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    HomeHEALTHMYTHS AND IGNORANCE SURROUNDING LUNG CANCER PERSIST: SURVEY

    MYTHS AND IGNORANCE SURROUNDING LUNG CANCER PERSIST: SURVEY

    Lung cancer is the leading cause of cancer death in the United States, but for nearly a decade doctors have had access to a screening tool that can detect it early for treatment.

    Unfortunately, none of these facts have sunk in for many Americans, according to a new survey by the American Lung Association (ALA).

    The survey found that only 29 percent of Americans know that lung cancer is the leading cause of cancer death, and nearly 70 percent were unaware that low-dose computed tomography is available for early detection of the disease. .

    Dr. Albert Rizzo, medical director of the ALA, said the two observations are closely related.

    He said that by far the leading cause of death is the fact that it is usually diagnosed later than in the early stages because, unfortunately, lung cancer does not cause symptoms in the early stages. “If you don’t get screened, you’re not opening yourself up to the possibility of finding cancer at an early stage where it can be treated again and potentially cured.”

    Today is World Lung Cancer Day, and the Lung Association released a survey to help spread the word that lung cancer screening is not only available, but free to the millions of people who are at high risk. , Rizzo said.

    In 2013, the US Preventive Services Task Force recommended low-dose CT scans for lung cancer screening. Under the Affordable Care Act (Obamacare), insurers must cover screening tests recommended by the task force. And last year, it expanded screening eligibility guidelines.

    About 14.2 million Americans qualify as being at high risk for lung cancer because they are between the ages of 50 and 80 and have a smoking history of 20 pack-years, multiplied by those years. is what someone has smoked. Day

    But the ALA estimates that only 5% of eligible people are screened for lung cancer.

    This may be because most people are not aware of their risk.

    The survey found that only 40 percent of adults are concerned that they may develop lung cancer, and nearly 3 in 4 have not discussed their risk with their doctor.

    One problem is that lung cancer screening is still relatively new, said Dr. Arif Kamal, chief patient officer of the American Cancer Society.

    Most people don’t know that, and most doctors probably don’t know about the updated 2021 guidelines that expanded eligibility, he said.

    Many people are reluctant to even talk about lung cancer, Kamal and Rizzo said, because they may feel guilty or ashamed that their own actions have put them at greater risk.

    “We suspect that most Americans actually know someone who has had lung cancer or a family member who has been affected,” Kamal said. “But there’s a huge stigma associated with avoidable risk factors like smoking. And because of the social stigma attached to it, I think people are a little reluctant to talk about it. ”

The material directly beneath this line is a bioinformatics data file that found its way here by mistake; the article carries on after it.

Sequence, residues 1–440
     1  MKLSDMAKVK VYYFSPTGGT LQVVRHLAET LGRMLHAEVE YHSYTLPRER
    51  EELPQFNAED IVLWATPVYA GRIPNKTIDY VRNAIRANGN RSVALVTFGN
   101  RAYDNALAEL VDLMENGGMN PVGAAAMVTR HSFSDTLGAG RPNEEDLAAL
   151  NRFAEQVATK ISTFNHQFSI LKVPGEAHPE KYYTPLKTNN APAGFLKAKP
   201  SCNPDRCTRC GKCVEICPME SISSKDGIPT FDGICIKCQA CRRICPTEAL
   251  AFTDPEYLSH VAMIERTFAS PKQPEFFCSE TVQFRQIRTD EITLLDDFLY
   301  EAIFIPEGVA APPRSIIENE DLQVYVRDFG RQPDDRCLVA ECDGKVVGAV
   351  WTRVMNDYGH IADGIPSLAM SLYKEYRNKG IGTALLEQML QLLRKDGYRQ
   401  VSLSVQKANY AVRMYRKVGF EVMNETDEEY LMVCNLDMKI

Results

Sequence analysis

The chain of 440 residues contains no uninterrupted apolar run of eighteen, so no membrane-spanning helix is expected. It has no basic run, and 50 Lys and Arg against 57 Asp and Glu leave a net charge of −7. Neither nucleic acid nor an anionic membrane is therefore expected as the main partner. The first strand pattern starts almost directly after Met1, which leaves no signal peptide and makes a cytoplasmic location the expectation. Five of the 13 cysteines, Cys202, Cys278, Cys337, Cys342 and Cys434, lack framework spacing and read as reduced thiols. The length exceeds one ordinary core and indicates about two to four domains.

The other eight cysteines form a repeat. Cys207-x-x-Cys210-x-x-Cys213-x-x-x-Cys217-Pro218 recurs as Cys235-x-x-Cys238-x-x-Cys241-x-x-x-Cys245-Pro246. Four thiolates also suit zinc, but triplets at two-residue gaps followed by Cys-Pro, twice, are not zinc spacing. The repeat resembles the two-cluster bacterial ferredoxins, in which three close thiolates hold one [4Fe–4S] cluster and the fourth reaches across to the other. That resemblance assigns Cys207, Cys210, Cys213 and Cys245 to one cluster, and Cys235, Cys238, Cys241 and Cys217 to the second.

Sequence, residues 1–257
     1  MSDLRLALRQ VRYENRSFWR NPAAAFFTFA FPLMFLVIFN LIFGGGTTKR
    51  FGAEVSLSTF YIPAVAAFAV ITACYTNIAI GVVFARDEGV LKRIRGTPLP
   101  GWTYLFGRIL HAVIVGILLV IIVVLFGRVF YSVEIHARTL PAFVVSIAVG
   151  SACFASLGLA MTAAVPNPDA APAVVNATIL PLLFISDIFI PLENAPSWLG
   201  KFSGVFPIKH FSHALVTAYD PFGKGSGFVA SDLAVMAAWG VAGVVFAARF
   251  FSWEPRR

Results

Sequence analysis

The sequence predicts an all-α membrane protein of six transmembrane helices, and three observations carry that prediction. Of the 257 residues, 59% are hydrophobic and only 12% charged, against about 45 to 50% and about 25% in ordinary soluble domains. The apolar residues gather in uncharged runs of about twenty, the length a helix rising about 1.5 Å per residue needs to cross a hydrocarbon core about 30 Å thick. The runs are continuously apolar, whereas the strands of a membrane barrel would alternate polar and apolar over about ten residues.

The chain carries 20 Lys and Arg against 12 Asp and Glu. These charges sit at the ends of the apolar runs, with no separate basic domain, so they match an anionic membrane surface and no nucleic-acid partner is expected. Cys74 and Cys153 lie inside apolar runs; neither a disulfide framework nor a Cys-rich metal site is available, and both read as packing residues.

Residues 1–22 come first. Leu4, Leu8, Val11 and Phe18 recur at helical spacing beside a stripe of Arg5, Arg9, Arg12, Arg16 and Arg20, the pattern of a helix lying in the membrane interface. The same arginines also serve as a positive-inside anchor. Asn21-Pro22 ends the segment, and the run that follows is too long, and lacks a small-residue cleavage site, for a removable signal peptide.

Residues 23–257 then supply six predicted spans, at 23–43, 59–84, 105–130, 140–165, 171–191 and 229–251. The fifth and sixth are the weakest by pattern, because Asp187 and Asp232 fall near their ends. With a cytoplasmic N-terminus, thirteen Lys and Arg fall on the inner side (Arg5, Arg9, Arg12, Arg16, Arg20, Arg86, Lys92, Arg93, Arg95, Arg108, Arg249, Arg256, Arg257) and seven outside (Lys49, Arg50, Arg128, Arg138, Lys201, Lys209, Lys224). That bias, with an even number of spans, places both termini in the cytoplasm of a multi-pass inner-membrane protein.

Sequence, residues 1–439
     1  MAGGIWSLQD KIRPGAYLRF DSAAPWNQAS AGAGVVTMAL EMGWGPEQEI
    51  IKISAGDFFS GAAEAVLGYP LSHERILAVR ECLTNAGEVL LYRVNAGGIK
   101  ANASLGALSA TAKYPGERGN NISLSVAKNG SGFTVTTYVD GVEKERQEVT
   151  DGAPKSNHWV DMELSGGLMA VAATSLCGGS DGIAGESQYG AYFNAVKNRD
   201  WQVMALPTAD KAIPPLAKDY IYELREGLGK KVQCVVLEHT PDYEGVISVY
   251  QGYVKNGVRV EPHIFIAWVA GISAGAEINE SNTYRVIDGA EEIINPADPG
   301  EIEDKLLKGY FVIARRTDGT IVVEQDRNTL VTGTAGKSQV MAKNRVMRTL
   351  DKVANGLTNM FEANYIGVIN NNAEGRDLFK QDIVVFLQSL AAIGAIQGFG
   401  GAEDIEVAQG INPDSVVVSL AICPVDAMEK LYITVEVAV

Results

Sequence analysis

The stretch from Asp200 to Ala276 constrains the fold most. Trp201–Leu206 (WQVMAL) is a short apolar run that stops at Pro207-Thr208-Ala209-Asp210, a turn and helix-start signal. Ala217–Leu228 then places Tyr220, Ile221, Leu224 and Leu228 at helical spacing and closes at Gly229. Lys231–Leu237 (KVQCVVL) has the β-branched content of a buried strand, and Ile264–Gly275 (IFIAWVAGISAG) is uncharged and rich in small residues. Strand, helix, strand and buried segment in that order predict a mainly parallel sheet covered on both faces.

Rizzo expanded on this.

    “It’s not something that’s brought to a patient because they don’t want to be lectured about the fact that they’re still smoking,” he said.

    “We know that addiction is very hard to break, and we don’t blame people for becoming addicted,” Rizzo said. “I think most people feel it’s self-inflicted because they can’t kick the habit, and it’s just a really bad attitude. In a way, it’s the same stigma that people have about their weight. I don’t want to talk about obesity.

    Also, doctors are reluctant to bring up the subject during checkups because it can make patients defensive and agitated.

    “It can become a difficult conversation, when something like colorectal or prostate cancer screening is not as closely related to a perceived negative behavior as smoking,” Kamal said.

    Still, the conversation is worth having, Rizzo and Kamal said, because lung cancer is more treatable than ever.

    Over the past 10 years, lung cancer survival rates have increased by more than 30 percent, but only 1 in 4 respondents knew that, according to the ALA.

    Kamal said part of the improvement is due to screening efforts, which allow doctors to surgically remove smaller tumors and potentially treat cancer.

    In addition, immunotherapy has overtaken chemotherapy as a first-line treatment. For lung cancer, he added.

    Immunotherapy “stimulates the body’s own immune system to attack cancer,” Kamal said. “Cancer in the body basically wears a camouflage that hides from the body’s own immune system. New agents that have come out in the last five years are aimed at removing that camouflage so that the immune system can come in and attack it. could do.”

    This type of therapy is much less harsh on the body. “Most people can still go to work. They don’t have significant nausea. They certainly don’t lose their hair,” Kamal said. Mal said.

    There are more treatment options than a city can think of, he said.

    “I think people worry that if they find something on a CT scan, ‘I’m going to have to have chemotherapy,'” Kamal said. “And that statement is not true for 90% of people. If we find something on a scan, there are many things that can be done that don’t involve chemotherapy.”

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